Behavioral science sheds light on human decision-making and behavior to better understand why people make the choices that they do. Designers of social services often expect that clients will understand their many choices and obligations, respond appropriately to notices, recognize the benefits of supportive services, and diligently follow through. When these expectations are not met, the response is often to impose enforcement mechanisms assuming that all clients are consciously choosing not to cooperate. Too often, designers do not take into account the obstacles people must overcome in order to access programs and services. Designers also must navigate complex policy and regulatory requirements, finding ways to develop programs that follow applicable rules while still decreasing obstacles that may turn people away. Insights from behavioral science demonstrate that small hassles, in fact, create significant barriers that can prevent those in need of services from receiving them. People have limits on attention, are overly optimistic, and are subject to miscalculations in their reasoning. Findings about these “behavioral bottlenecks” can be used to improve the way programs are designed and implemented.
The Behavioral Interventions for Child Support Services (BICS) demonstration project is sponsored by the federal Office of Child Support Enforcement (OCSE) of the Administration for Children and Families in the U.S. Department of Health and Human Services. The project aims to apply behavioral insights to child support contexts, to develop promising behavioral interventions, and to build a culture of regular, rapid-cycle evaluation and critical inquiry within the child support community.
Agencies in California, Colorado, the District of Columbia, Georgia, Ohio, Texas, Vermont, and Washington have been awarded cooperative agreements to explore the application of behavioral science to their child support services.
Additional Project Details
Agenda, Scope, and Goals
The Behavioral Interventions for Child Support Services (BICS) project will allow eight grantees to explore how behavioral science can increase the effectiveness of their child support programs and build a culture of evaluation and critical inquiry in the child support community. OCSE will work with the grantees to apply successful interventions on the broadest scale possible. State child support agencies implement policies to establish child support orders, collect child support payments, reduce child support debt, and intervene when parents begin to struggle to make payments.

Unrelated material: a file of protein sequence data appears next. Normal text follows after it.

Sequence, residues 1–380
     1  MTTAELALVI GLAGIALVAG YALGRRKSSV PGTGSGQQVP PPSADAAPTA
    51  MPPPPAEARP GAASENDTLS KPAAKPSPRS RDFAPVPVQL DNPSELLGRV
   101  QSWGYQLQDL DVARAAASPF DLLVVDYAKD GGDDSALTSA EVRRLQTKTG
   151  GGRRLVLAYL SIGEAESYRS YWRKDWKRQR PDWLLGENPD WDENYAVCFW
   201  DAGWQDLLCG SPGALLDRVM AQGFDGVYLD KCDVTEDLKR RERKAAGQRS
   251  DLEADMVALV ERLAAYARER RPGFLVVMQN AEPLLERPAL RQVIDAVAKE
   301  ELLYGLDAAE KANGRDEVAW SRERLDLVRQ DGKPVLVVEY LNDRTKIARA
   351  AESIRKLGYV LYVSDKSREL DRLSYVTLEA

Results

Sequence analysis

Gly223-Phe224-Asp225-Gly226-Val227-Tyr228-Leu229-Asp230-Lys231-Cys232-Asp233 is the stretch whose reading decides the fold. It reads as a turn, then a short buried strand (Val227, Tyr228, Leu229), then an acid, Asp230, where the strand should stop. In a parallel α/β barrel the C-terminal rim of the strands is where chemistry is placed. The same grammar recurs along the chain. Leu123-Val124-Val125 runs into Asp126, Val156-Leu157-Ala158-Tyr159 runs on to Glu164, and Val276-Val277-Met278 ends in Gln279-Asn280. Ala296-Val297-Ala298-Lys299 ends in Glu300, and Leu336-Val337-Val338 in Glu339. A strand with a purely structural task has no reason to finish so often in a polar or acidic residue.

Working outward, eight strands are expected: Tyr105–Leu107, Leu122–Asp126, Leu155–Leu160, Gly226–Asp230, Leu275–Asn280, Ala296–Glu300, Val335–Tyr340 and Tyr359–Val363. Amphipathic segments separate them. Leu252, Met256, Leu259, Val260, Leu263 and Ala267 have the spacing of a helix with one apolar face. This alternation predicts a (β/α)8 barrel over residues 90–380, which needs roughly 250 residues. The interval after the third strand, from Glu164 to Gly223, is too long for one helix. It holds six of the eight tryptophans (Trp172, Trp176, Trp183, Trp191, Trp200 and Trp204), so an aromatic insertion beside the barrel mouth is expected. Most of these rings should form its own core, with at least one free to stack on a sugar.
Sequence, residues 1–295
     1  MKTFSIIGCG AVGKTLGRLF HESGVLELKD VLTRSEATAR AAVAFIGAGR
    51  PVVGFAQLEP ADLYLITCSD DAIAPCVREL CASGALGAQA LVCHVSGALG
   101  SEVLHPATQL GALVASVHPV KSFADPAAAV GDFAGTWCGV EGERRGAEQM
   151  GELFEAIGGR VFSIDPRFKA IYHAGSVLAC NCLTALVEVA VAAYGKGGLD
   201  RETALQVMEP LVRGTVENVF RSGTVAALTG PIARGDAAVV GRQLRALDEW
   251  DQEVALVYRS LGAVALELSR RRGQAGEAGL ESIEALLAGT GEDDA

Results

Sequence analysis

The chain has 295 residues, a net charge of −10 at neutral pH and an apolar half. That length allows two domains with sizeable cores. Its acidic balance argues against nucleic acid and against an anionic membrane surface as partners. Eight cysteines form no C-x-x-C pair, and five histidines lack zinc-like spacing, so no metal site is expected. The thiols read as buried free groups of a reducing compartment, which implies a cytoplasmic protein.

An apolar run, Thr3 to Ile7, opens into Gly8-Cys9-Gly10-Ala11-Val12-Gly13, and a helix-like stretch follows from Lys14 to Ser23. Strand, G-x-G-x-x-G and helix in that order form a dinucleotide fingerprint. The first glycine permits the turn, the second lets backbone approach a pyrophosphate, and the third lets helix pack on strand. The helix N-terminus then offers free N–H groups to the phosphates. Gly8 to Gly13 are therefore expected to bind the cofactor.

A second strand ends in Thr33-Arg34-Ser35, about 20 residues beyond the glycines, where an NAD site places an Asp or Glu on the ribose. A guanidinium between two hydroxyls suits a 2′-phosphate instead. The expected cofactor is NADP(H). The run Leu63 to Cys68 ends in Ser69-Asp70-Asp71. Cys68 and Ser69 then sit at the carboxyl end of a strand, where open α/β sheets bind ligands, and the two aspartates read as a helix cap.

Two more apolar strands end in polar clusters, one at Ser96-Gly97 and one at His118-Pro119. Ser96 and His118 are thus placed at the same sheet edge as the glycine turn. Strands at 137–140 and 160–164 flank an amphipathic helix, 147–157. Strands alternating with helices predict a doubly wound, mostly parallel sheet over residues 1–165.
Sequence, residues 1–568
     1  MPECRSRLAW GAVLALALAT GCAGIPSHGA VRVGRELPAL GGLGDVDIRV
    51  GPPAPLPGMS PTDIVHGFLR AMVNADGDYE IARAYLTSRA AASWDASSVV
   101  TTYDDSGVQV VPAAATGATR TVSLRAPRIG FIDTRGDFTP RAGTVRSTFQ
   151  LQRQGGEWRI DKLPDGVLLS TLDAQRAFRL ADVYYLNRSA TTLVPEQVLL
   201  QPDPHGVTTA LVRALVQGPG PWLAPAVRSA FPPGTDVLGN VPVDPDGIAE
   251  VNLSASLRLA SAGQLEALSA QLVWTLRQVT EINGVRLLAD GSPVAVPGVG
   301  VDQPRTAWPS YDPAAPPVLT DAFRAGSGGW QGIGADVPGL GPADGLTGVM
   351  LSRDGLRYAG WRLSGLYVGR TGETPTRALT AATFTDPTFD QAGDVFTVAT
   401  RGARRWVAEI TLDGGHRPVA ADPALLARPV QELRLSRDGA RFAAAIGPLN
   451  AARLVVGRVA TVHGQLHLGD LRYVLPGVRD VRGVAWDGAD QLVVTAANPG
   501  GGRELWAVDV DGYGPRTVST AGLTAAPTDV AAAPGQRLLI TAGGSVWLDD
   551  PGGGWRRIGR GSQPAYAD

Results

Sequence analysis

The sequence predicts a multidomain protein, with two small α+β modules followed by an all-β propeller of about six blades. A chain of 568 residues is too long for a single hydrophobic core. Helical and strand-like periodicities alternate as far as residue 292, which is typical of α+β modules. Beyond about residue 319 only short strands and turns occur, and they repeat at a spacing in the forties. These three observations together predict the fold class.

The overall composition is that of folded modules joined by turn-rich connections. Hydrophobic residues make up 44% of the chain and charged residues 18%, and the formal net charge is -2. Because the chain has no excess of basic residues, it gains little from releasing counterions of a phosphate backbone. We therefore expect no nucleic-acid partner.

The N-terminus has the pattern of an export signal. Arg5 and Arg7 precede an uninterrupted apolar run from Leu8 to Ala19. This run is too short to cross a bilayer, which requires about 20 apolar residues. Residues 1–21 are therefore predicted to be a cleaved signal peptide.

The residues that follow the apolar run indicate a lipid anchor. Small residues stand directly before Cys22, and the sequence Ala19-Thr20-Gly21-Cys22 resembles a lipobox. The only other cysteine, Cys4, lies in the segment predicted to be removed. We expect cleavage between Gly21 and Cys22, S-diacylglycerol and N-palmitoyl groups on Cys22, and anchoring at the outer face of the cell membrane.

These grantees will work with the BICS Technical Assistance and Evaluation (TAE) team to identify problems within their child support programs. MDRC is leading the TAE team, in collaboration with MEF Associates and the Center for Policy Research. The TAE team is working with each grantee to properly define the problem(s) of interest, map the agency’s current processes, diagnose program breakdowns, and identify behavioral factors that may be contributing to these breakdowns. Using a diagnostic methodology to identify areas most amenable to light-touch, high-impact interventions, the TAE team will design and launch behavioral interventions and test their impact through experimentation.
The Washington State Division of Child Support was awarded an overarching evaluation grant from OCSE for technical assistance and evaluation services and subsequently contracted with MDRC to perform these functions.
Design, Sites, and Data Sources
The federal Office of Child Support Enforcement awarded cooperative agreements to the agencies in California, Colorado, the District of Columbia, Georgia, Ohio, Texas, Vermont, and Washington. The Technical Assistance and Evaluation (TAE) team will provide grantees with guidance about building better programs and designing effective interventions, as well as provide educational workshops to grantees to apply techniques to their current and future initiatives. The TAE team is responsible for developing the project’s behavioral research methodology, supporting BICS grantees in applying that methodology, providing behavioral science expertise, conducting rapid-cycle evaluation of the grantees’ behavioral interventions, and producing content for dissemination.
BICS grantees will launch behavioral interventions that mostly use random assignment research designs to evaluate their effectiveness. Experiments will analyze near-term outcomes, such as program participation rates, which are quickly available and of interest to practitioners and administrators implementing social programs. Some grantees will likely engage in rapid-cycle evaluation, where initial analyses of findings from one round of testing quickly informs a next round of experimentation.